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Review: cranberry products may prevent urinary tract infection in women with recurrent infections

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R Jepson

Dr R Jepson, University of Stirling, Stirling, UK; ruth.jepson{at}stir.ac.uk

QUESTION

Do cranberry products prevent urinary tract infection (UTI) in susceptible people?

REVIEW SCOPE

Studies selected compared cranberry juice or cranberry tablets (taken for ⩾1 mo) with placebo, no treatment, or other treatments for primary or secondary prevention of UTI in susceptible populations (eg, people who had recurrent UTIs, were elderly, or required catheterisation). Studies involving treatment of active UTI were excluded. Outcome was symptomatic UTI with bacteriological confirmation.

REVIEW METHODS

Cochrane Renal Group trials register and Cochrane Central Register of Controlled Trials (to Jan 2007), Cochrane Collaboration Field in Complementary Medicine trials register, Medline, CINAHL, EMBASE/Excerpta Medica, LILACS, PsycLit, Biological Abstracts, Current Contents, National Research Register, the internet, reference lists, and conference abstracts were searched for randomised or quasi-randomised controlled trials published in English or 1 of 7 European languages. Companies involved with cranberry products were consulted. 10 trials (n = 1049) met the selection criteria: 3 trials of women with recurrent UTI (n = 319), 3 trials of elderly people (n = 606), 2 trials of children with neuropathic bladder requiring intermittent catheterisation (n = 55), and 2 trials of patients with spinal cord injury (n = 69). 4 trials had adequate allocation concealment, and 7 were double blinded. Dropout rates ranged from 0 to 55% (median 33%).

MAIN RESULTS

Meta-analysis of 4 trials showed that cranberry products reduced risk of UTI overall and in the subgroup of women with recurrent UTIs (table). Of the 6 trials not included in the meta-analysis, 3 crossover trials of children and adults needing catheterisation showed no benefit of cranberry products for preventing symptomatic UTI; 2 trials of elderly people did not report this outcome. In the other study, a crossover trial, 10 women with recurrent UTIs had fewer symptomatic UTIs while taking cranberry capsules for 3 months than while taking placebo (p<0.005).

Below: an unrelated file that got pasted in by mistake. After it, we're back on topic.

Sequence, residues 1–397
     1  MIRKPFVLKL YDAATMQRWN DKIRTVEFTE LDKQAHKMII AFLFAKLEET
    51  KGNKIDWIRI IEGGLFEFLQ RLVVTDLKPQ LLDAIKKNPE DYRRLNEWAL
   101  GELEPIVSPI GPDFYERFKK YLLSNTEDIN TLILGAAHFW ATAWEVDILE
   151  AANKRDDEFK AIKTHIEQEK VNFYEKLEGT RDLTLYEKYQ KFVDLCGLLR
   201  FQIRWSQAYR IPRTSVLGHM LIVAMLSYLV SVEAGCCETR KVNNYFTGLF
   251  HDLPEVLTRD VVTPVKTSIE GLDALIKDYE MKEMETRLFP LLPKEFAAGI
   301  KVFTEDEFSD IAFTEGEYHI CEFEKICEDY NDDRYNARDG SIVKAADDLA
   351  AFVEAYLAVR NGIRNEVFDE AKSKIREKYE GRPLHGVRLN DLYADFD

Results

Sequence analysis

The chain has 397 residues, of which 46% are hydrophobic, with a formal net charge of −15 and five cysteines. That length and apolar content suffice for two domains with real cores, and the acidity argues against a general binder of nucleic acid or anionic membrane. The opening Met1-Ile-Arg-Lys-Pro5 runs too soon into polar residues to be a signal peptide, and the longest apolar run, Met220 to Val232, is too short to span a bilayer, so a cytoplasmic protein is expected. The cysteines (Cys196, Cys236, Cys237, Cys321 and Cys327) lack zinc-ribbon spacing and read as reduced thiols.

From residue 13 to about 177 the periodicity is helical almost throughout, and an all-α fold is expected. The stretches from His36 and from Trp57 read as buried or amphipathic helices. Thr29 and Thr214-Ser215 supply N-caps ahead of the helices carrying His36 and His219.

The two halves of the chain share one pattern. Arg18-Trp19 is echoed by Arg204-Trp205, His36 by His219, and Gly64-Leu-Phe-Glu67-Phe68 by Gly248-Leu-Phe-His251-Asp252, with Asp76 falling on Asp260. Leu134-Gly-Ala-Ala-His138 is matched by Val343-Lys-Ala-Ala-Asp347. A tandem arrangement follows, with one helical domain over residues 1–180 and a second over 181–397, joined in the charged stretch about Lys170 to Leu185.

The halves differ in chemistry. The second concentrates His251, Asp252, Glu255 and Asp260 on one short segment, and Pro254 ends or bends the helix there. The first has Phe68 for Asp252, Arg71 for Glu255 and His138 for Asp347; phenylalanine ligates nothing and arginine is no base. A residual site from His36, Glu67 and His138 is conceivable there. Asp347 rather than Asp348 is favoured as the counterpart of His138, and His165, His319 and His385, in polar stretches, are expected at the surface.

Cranberry products v placebo or no treatment (control) to prevent urinary tract infection (UTI) at 6–12 months*

CONCLUSIONS

Cranberry products may prevent urinary tract infection (UTI) in women with recurrent UTIs but do not seem to be beneficial in people requiring urinary catheterisation. Evidence for use in elderly people is inconclusive.

ABSTRACTED FROM

Jepson RG, Craig JC. Cranberries for preventing urinary tract infections. Cochrane Database Syst Rev 2008;(1):CD001321.

Clinical impact ratings: Family/general practice 6/7; Paediatrics 5/7

Commentary

Symptomatic UTI is common, and recurrent UTIs are a problem for many people. Complications, such as pyelonephritis and sepsis, contribute to morbidity, especially in people who are elderly or immunocompromised. Prevention of UTIs can reduce patient discomfort, improve quality of life, and decrease healthcare costs.

Given recent interest in the use of cranberry products for prevention and management of UTIs, the systematic review by Jepson and Craig is timely and relevant. The authors conducted a comprehensive search for published and unpublished randomised trials, including non-English literature. Trials were independently appraised using standard criteria, and results were clearly described. Meta-analysis was correctly limited to the trials with data amenable to such analysis (eg, crossover trials were not included).

Meta-analysis showed that people taking cranberry products were less likely to have recurrent UTIs than those taking placebo, overall and in women with recurrent UTIs. Because statistically significant or clinically meaningful differences were not shown in the other target groups, a general conclusion about cranberry product effectiveness cannot be drawn. High dropout rates occurred because of gastrointestinal complaints or taste, calories, or cost of cranberry products; therefore, lack of acceptability is likely to limit the potential success of this simple intervention. Finally, because of differences in the cranberry products tested, their doses, and treatment duration, it is impossible to draw conclusions about which regimen is most effective.

In summary, the evidence suggests that cranberry products are not effective for individuals with neuropathic bladder but may be effective in women with recurrent UTIs. Further research is required to establish optimal doses and dosing schedules and effectiveness in elderly people. Until such evidence is available, one can cautiously recommend cranberry products to women with recurrent UTIs, suggesting that they assess which products, doses, and durations, if any, work for them. Such an approach can only be recommended on an individual basis and in conjunction with use of other currently recommended preventive strategies.

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Footnotes

  • Source of funding: Nuffield Trust.

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